Jesus was deeply troubled to speak of betrayal. But he said in anyway. He had to prepare the disciples for this potentially faith-destroying event. He said it plainly, “I tell you the truth, one of you is going to betray me.”

The disciples had no idea who he was talking about, and Judas himself did not even blink an eys. They stared at each other, at a loss to understand. Judas must have been deeply loved and completely trusted by his fellow disciples. Trust and love go together. Love is broken when trust is broken. Finally, Peter quietly asked John, “Ask him who he is talking about.” Jesus still did not expose the betrayer–except to the betrayer himself. Jesus said the betrayer is one to whom I give this bread. They were eating the Last Supper. The bread represented Jesus’ body. He broke the bread saying, “This is my body.” He gave this bread dipped in wine(?) to each of them. So they did not recognize the betrayer. Judas took the bread, but he did not accept Jesus’ love. It was the same as in Chapter 6. Jesus fed the 5000 bread, but when he sought to give them spiritual bread, him self, they refuse and left. At that time, Jesus knew that Judas would betray him. (6:64, 70) Judas did not accept him as the Holy One of God. He did not accept spiritual bread. He did not accept Jesus’ word in his heart, so he accepted the devil’s prompting. When he took the bread from Jesus, Satan entered into him. He took the bread and went out and darkness night descended on his soul .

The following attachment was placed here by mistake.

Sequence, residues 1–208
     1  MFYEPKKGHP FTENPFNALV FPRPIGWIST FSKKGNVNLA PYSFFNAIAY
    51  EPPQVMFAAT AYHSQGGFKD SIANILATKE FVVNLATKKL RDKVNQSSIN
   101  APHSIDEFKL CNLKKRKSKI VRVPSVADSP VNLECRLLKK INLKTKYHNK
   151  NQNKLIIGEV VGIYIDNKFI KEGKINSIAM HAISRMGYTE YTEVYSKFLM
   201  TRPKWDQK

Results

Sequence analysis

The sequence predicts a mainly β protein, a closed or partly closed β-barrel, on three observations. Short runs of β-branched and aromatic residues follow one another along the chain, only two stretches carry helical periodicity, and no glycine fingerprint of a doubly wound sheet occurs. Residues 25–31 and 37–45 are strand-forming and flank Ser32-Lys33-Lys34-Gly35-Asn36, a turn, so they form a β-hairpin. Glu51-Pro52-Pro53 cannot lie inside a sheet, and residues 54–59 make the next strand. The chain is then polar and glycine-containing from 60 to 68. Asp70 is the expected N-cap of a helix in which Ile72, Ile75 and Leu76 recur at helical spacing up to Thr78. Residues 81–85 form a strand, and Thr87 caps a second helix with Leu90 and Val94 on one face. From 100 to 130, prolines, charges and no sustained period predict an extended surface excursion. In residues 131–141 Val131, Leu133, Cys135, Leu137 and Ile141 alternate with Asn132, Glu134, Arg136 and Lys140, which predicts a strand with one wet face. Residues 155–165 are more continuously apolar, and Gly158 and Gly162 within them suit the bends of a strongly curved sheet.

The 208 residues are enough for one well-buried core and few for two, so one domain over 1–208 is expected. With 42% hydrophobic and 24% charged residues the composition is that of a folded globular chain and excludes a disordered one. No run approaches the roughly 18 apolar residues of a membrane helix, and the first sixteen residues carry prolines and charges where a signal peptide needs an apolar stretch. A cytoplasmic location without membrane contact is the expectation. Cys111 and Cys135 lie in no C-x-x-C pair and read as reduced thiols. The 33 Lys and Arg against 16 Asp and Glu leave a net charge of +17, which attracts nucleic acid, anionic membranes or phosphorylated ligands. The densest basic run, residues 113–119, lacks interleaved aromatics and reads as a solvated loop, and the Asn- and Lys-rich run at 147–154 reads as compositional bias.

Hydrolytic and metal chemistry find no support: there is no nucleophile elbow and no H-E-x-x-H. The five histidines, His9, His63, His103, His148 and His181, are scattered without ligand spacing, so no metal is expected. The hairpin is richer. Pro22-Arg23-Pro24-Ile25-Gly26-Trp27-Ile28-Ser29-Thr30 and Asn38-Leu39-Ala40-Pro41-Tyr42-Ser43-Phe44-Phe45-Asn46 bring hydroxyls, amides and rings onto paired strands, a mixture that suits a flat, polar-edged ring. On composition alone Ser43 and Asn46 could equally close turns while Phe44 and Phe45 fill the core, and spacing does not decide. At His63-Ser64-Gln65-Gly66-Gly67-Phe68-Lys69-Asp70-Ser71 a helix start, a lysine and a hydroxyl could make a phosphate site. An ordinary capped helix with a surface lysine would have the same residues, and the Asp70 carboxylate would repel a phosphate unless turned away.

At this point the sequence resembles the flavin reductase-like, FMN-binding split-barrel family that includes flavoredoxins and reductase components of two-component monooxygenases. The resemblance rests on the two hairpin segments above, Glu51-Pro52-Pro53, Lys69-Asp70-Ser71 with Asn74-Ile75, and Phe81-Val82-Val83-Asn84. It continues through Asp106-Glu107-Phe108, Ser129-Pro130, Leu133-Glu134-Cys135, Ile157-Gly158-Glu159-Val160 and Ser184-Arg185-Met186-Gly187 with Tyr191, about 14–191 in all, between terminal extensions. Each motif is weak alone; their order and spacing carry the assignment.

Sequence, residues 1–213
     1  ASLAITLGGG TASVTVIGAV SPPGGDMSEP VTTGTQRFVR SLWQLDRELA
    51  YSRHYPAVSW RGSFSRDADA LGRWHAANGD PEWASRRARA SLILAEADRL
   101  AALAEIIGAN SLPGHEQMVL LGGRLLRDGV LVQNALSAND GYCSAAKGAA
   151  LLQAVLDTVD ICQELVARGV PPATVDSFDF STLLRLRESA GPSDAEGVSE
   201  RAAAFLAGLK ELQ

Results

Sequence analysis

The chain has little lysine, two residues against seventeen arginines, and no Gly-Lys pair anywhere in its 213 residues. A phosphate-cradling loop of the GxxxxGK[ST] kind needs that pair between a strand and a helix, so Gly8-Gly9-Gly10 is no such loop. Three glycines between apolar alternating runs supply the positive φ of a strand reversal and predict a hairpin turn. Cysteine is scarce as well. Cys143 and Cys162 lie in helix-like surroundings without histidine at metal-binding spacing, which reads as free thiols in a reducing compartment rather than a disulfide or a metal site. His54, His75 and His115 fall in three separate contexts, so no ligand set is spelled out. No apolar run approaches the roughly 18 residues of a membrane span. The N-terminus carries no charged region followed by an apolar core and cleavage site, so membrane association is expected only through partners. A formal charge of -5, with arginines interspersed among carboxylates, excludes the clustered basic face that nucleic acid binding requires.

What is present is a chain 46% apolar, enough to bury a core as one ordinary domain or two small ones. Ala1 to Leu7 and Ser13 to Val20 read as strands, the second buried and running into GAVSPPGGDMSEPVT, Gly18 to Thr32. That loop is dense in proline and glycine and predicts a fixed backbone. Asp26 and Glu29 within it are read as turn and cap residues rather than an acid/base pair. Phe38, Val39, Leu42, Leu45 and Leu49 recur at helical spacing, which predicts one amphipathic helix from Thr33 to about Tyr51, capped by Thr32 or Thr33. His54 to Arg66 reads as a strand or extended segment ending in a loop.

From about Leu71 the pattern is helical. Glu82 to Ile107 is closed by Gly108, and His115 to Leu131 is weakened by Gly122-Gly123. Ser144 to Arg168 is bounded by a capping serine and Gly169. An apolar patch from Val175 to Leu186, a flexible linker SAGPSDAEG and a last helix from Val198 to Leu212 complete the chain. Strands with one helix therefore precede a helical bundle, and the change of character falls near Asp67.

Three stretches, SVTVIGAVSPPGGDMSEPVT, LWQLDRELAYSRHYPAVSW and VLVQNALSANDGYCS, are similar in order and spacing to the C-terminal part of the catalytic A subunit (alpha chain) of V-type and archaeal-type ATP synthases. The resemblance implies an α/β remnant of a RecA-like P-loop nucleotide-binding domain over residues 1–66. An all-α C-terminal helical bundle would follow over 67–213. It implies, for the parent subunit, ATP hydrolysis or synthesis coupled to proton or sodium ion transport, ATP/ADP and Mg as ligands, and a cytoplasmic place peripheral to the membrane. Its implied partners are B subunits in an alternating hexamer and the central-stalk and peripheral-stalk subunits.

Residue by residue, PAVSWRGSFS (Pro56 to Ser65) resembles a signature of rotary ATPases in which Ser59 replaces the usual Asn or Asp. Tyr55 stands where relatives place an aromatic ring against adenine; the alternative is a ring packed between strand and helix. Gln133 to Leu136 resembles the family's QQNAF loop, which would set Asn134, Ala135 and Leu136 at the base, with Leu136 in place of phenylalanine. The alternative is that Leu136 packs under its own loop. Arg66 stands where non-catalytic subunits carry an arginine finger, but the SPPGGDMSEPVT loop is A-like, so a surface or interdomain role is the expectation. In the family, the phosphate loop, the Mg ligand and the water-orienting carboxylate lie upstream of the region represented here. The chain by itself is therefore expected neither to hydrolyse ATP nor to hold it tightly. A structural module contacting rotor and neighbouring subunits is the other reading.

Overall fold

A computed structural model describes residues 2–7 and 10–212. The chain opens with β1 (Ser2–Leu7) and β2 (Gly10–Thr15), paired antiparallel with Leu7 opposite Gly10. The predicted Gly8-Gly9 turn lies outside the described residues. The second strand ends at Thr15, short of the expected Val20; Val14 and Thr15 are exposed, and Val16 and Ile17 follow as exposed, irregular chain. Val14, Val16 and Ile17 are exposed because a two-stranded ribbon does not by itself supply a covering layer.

After Judas left Jesus told his disciples three things. First he told them that the time had come for him to be glorified. God was glorified by his obedience to death on the cross, for God’s redemptive plan was accomplished. Satan was defeated. The way was open for sinful mankind to come back to the Creator God. So, Jesus was leaving this world. He was leaving his disciples. In some ways he felt like a father leaving his helpless little children. He said, “My children, I will be with you only a little longer. You will look for me, and, as I told the Jews, so I tell you now: Where I am going you cannot come.”

Second, he told them how they must live after his departure. He gave them a command. He called it a new command: Love one another. As I have loved you, so you must love one another. By this all men will know that you are my disciples, if you love one another.”  This doesn’t seem to be a new command. He told them from the beginning (1Jn 3:11) But the thing that is new is that he taught them how to love one another. He said, “As I have loved you...”  Jesus set the standard and gave the example for unselfish love. Jesus’ love is giving love, not getting love. Jesus’ love is faithful; he loved to the end. Jesus’ love is patient. He patiently waited on Simon to grow into Peter. Jesus’ love believed and hoped. He could entrust the evangelization of the world to these doubtful and weak disciples. Jesus washed his disciples’ feet and told them to wash each other’s feet. Jesus was a good shepherd and he told them to feed his sheep and be shepherds of God’s flock. Jesus laid down his life for his sheep and he told them to lay down their lives for each other.

Third, Jesus predicted Peter’s denial. Peter refused to accept Jesus’ words. He was confident that he could follow Jesus to the end. But Jesus knew Peter better than Peter knew himself. He loved Peter and accepted him as he was. So Peter could be himself and Peter could grow. And when Peter failed, he could cry and come back, knowing that Jesus would welcome him. Jesus last words to him were just like his first words: “Follow me.”